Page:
Friday, August 09, 2019
The Japanese state-guided market system was efficient and effective, so effective that it is considered an existential threat to the neoliberal model of debt-based money and "free markets" promoted by the International Monetary Fund (IMF). That model has been highly successful in South Korea and the other "Asian Tiger" economies, including giant China. China subsidizes workers and all other business costs. China owns 80% of its banks, which make loans on favorable terms to domestic businesses, especially state-owned businesses. If the businesses cannot repay the loans, neither the banks nor the businesses are forced into bankruptcy, since that would mean losing jobs and factories. The nonperforming loans are just carried on the books or written off. Our defense industry operates the same way.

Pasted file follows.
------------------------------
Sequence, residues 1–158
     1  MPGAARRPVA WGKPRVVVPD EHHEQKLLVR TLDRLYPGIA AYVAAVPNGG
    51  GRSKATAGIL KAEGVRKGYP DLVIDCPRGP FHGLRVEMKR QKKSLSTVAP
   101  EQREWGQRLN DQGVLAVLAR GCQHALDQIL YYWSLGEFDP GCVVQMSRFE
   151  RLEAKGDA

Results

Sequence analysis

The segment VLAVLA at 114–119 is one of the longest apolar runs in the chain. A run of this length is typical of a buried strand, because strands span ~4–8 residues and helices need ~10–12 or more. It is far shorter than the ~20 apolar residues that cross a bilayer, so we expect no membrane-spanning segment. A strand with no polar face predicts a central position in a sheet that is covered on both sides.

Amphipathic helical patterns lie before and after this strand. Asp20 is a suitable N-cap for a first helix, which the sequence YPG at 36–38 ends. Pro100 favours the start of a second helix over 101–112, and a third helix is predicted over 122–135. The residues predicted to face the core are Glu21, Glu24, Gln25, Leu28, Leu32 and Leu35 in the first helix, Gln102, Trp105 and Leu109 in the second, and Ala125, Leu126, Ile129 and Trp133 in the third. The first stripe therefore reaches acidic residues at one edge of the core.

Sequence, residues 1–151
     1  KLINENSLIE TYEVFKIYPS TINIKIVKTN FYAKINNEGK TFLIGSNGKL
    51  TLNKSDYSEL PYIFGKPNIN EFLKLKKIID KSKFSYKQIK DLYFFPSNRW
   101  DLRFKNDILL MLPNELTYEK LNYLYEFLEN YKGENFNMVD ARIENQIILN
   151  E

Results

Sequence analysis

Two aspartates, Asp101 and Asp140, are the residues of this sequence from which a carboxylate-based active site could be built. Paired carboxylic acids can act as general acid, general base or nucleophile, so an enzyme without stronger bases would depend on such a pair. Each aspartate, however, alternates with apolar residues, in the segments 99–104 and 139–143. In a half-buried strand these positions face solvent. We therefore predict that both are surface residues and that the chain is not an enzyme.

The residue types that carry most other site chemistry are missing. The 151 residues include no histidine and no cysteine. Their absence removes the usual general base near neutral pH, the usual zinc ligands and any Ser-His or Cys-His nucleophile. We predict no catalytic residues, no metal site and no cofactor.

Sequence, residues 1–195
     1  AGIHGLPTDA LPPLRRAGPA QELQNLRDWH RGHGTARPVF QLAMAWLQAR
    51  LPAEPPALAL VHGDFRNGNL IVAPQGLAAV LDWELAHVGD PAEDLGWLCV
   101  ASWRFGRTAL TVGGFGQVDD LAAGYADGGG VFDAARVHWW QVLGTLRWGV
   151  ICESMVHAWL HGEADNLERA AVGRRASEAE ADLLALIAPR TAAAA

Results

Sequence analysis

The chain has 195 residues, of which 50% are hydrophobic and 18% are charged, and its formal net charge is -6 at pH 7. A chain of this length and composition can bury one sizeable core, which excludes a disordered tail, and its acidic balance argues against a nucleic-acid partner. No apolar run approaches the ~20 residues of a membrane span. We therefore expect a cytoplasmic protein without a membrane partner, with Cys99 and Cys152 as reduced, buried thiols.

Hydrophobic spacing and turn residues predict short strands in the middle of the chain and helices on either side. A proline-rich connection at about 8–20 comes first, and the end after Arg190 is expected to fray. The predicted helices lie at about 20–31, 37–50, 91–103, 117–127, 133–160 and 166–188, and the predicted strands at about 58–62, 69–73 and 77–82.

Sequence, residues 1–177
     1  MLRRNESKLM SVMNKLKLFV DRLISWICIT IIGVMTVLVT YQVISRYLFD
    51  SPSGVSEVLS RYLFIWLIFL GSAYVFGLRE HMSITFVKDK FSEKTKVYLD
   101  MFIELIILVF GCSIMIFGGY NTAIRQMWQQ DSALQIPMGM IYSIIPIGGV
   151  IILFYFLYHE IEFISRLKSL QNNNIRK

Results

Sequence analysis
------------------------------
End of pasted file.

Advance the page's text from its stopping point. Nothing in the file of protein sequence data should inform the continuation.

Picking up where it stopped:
Western speculators took down the vulnerable countries one by one in the "Asian crisis" of 1997-8. China alone was left as an economic threat to the Western neoliberal model, and it is this existential threat that is the target of the trade and currency wars today. Making American products cheaper abroad will do little for the American economy. A cheaper dollar abroad just makes consumer goods at Walmart and imported raw materials for U.S. businesses more expensive. U.S. policymakers consider China's subsidies to its businesses and workers to be "unfair trade practices." They want China to forgo state subsidization and its other protectionist policies in order to level the playing field. But Beijing contends that the demanded reforms amount to "economic regime change." A currency war has no winners. This was proven in 1930, which only deepened the Great Depression. A currency devaluation mainly devalues the price of a country's labor and working conditions. The orange sloth is clueless.
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